The Corn Laws were taxes on imported grain designed to keep prices high for cereal producers in Great Britain. The laws indeed did raise food prices and became the focus of opposition from urban groups who had far less political power than rural Britain. The corn laws imposed steep import duties, making it too expensive for anyone to import grain from other countries, even when food supplies were short. The laws were supported by Conservative landowners and opposed by Whig industrialists and workers. The League was responsible for turning public and elite opinion against the laws. It was a large, nationwide middle-class moral crusade with a utopian vision. Its leading advocate Richard Cobden, according to historian Asa Briggs, promised that repeal would settle four great problems simultaneously:
The League was founded in 1838 by Richard Cobden and John Bright. Cobden was the chief strategist; Bright was its great orator. A representative activist was Thomas Perronet Thompson, who specialized in the grass-roots mobilisation of opinion through pamphlets, newspaper articles, correspondence, speeches, and endless local planning meetings. The League was based in Manchester and had support from numerous industrialists, especially in the textile industry. The main tactic of the League was to defeat protectionists at by-elections by concentrating its financial strength and campaign resources. The idea was that it would gain nationwide publicity from a handful of election campaigns every year. The strategy resulted in numerous defeats, which the League blamed on the tyrannical power of the landlords. The tactic also required very expensive subsidies so that League supporters would have a 40 shilling freehold and thus become enfranchised.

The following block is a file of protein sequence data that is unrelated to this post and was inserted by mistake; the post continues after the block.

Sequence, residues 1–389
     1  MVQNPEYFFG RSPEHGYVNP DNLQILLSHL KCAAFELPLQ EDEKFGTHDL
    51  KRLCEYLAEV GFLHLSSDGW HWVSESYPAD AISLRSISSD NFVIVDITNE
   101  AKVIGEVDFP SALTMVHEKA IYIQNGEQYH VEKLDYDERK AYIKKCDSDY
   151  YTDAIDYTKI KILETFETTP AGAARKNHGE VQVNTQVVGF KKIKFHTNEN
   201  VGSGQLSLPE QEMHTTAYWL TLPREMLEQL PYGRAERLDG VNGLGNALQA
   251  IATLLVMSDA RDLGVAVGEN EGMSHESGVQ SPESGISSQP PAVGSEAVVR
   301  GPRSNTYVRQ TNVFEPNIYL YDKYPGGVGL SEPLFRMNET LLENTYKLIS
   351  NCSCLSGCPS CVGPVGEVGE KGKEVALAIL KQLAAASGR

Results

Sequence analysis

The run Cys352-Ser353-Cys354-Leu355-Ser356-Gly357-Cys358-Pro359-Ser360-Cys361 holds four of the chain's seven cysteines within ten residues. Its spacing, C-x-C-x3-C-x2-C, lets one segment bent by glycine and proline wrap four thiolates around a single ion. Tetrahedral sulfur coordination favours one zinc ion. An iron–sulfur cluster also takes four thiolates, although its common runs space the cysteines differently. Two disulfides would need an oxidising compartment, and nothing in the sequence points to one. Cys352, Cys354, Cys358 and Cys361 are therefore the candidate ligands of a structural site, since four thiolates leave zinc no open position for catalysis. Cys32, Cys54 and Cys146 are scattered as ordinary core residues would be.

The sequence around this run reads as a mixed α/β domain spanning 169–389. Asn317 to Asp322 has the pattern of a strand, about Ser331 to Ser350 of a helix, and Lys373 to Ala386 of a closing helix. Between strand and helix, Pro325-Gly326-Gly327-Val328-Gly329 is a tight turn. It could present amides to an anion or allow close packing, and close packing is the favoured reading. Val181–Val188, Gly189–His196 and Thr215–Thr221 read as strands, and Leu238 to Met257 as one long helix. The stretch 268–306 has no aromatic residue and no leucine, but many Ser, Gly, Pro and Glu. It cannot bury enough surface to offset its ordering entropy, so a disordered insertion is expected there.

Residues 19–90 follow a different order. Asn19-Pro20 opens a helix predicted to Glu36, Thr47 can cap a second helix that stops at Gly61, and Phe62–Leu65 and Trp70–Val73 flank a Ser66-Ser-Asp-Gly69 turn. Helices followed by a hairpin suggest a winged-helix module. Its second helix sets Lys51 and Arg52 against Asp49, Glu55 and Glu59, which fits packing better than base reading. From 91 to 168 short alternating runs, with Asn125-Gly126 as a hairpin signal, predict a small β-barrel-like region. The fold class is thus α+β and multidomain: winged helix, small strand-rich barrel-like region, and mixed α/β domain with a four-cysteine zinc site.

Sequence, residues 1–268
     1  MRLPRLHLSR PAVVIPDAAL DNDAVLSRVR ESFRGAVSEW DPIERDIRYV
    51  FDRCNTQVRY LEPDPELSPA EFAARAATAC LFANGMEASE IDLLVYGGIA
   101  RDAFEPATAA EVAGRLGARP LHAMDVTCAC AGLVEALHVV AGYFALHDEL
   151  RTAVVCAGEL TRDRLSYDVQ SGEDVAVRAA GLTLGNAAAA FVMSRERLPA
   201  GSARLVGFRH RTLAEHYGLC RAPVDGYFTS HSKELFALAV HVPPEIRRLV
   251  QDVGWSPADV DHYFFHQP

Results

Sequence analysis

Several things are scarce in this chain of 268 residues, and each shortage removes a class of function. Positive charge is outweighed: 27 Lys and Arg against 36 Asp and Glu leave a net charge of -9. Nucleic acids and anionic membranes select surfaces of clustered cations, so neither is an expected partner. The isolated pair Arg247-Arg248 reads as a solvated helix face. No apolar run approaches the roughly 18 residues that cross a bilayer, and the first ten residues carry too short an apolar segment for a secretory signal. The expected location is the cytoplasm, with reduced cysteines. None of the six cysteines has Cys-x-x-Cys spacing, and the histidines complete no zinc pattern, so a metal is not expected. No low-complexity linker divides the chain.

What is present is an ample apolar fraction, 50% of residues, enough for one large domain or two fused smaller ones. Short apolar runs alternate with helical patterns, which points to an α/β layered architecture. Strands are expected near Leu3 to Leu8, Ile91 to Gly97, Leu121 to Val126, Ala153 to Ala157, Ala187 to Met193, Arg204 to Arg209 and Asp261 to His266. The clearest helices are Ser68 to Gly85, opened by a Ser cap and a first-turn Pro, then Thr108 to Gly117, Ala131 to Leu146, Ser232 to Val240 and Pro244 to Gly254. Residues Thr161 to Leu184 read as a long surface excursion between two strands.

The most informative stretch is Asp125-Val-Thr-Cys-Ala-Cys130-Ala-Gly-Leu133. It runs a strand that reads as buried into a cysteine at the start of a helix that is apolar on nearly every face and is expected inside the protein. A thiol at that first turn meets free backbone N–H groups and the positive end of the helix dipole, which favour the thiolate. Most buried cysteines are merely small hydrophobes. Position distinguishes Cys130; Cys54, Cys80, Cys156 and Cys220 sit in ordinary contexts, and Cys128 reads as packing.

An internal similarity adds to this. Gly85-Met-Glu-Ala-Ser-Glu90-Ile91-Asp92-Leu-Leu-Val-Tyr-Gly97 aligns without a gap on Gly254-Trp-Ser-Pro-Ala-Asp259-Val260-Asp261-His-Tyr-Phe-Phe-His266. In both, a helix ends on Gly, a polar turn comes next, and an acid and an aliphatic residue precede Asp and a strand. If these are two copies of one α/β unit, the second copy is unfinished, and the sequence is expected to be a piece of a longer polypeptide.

One of the most nationally visible efforts came in the 1843 election in Salisbury. Its candidate was defeated and it was unable to convince voters regarding free trade. However, the League did learn lessons that helped to transform its political tactics. It learned to concentrate on elections where there was a good expectation of victory.
The League played little role in the final act in 1846. It had no capability of contesting 150–200 seats in a general election. Furthermore, Sir Robert Peel neutralized the League's strategy by ramming repeal through Parliament without a general election. It then dissolved itself. Many of its members continued their political activism in the Liberal Party, with the goal of establishing a fully free-trade economy.